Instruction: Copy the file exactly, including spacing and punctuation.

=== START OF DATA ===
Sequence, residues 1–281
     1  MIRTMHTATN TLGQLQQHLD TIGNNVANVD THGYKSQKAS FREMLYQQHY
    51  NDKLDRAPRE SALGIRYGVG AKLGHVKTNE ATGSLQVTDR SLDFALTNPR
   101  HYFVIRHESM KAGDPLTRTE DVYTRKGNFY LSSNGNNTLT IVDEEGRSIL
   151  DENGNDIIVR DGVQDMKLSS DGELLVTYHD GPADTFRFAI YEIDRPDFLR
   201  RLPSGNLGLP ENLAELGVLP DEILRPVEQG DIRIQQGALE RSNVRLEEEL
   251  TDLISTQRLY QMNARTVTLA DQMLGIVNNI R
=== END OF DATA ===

Sequence, residues 1–281
     1  MIRTMHTATN TLGQLQQHLD TIGNNVANVD THGYKSQKAS FREMLYQQHY
    51  NDKLDRAPRE SALGIRYGVG AKLGHVKTNE ATGSLQVTDR SLDFALTNPR
   101  HYFVIRHESM KAGDPLTRTE DVYTRKGNFY LSSNGNNTLT IVDEEGRSIL
   151  DENGNDIIVR DGVQDMKLSS DGELLVTYHD GPADTFRFAI YEIDRPDFLR
   201  RLPSGNLGLP ENLAELGVLP DEILRPVEQG DIRIQQGALE RSNVRLEEEL
   251  TDLISTQRLY QMNARTVTLA DQMLGIVNNI R